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Physiology's role in labour assessment

02 September 2020
Volume 28 · Issue 9
 Midwives need to have a solid understanding of physiology in order to make better use of their observation skills when assessing women in labour
Midwives need to have a solid understanding of physiology in order to make better use of their observation skills when assessing women in labour


A closer examination of the physiological and behavioural signs exhibited by women to facilitate assessment of labour progress

This article considers the importance of observing the physiological and behavioural cues exhibited by women during advanced labour to facilitate labour assessment. In-depth knowledge of labour physiology is important as it enables midwives to systematically anticipate, gather and interpret these cues while considering possible differential diagnoses. As a clinical midwife and educationalist, I have observed and participated in various care practices over the years within different birth environments. I have reflected upon how we can be instrumental in both supporting and impeding the physiological process of labour through the consequences of our actions.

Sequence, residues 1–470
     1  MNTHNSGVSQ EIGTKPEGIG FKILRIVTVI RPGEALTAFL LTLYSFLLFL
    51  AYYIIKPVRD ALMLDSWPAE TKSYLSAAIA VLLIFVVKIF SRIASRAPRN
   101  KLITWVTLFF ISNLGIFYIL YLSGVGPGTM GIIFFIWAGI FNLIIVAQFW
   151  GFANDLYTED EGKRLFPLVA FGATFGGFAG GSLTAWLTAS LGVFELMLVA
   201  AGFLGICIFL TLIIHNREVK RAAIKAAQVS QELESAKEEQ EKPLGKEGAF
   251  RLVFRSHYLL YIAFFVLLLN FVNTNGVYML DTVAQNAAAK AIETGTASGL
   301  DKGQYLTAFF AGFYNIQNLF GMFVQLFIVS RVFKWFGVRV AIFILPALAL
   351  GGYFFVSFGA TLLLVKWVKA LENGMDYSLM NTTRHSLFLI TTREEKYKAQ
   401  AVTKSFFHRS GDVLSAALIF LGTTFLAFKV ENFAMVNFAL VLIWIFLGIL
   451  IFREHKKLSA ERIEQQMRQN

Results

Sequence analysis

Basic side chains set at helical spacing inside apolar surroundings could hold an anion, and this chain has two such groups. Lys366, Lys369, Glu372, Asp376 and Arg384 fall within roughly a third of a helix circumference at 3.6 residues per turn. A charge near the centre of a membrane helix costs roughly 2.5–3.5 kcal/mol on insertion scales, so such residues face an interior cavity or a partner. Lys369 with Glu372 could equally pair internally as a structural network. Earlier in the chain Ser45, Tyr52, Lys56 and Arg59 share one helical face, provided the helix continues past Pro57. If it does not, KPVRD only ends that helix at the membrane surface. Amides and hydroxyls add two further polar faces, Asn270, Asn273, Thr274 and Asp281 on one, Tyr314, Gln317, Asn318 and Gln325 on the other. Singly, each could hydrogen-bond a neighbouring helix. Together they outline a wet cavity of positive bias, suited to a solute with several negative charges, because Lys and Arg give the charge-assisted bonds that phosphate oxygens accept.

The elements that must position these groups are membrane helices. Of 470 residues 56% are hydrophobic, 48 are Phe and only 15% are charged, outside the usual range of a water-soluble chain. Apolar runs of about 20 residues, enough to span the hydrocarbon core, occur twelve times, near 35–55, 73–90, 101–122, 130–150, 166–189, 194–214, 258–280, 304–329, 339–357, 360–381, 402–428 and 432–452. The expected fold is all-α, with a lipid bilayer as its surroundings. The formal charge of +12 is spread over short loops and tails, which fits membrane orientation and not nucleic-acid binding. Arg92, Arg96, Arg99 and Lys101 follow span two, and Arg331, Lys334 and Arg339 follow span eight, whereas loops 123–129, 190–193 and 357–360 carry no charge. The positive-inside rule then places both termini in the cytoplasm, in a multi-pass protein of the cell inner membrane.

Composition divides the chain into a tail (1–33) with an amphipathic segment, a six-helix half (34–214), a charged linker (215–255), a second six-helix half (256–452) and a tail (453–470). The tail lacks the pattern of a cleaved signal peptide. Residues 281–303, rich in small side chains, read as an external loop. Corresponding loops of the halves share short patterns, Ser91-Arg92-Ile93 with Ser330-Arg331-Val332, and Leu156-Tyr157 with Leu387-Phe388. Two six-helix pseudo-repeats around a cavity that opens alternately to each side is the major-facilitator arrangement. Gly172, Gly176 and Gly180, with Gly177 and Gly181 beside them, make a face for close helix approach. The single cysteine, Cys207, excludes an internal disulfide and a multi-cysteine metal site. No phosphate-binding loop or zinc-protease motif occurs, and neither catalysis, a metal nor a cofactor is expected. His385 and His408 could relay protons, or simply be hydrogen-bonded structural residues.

The detrimental impact that routine intrapartum interventions can have upon the hormonal processes that support labour has been well-documented. Sara Buckley (2015) has written extensively about the importance of protecting the hormonal blueprint of labour through the avoidance of unnecessary intervention (see for an in-depth review).

As midwives, we are presented with a dichotomy within practice where we must endeavour to facilitate the physiological processes that support normal birth while staying alert for the presence of risk factors and instigating timely responses to ensure safe care. It is important we intervene only when clinically indicated. However, making this judgement can be difficult, especially when working in an environment where routine intervention is common. Intervening too soon can disrupt the physiological process of labour predisposing mother and infant to unnecessary risk and morbidities while intervening too late may also have detrimental consequences.

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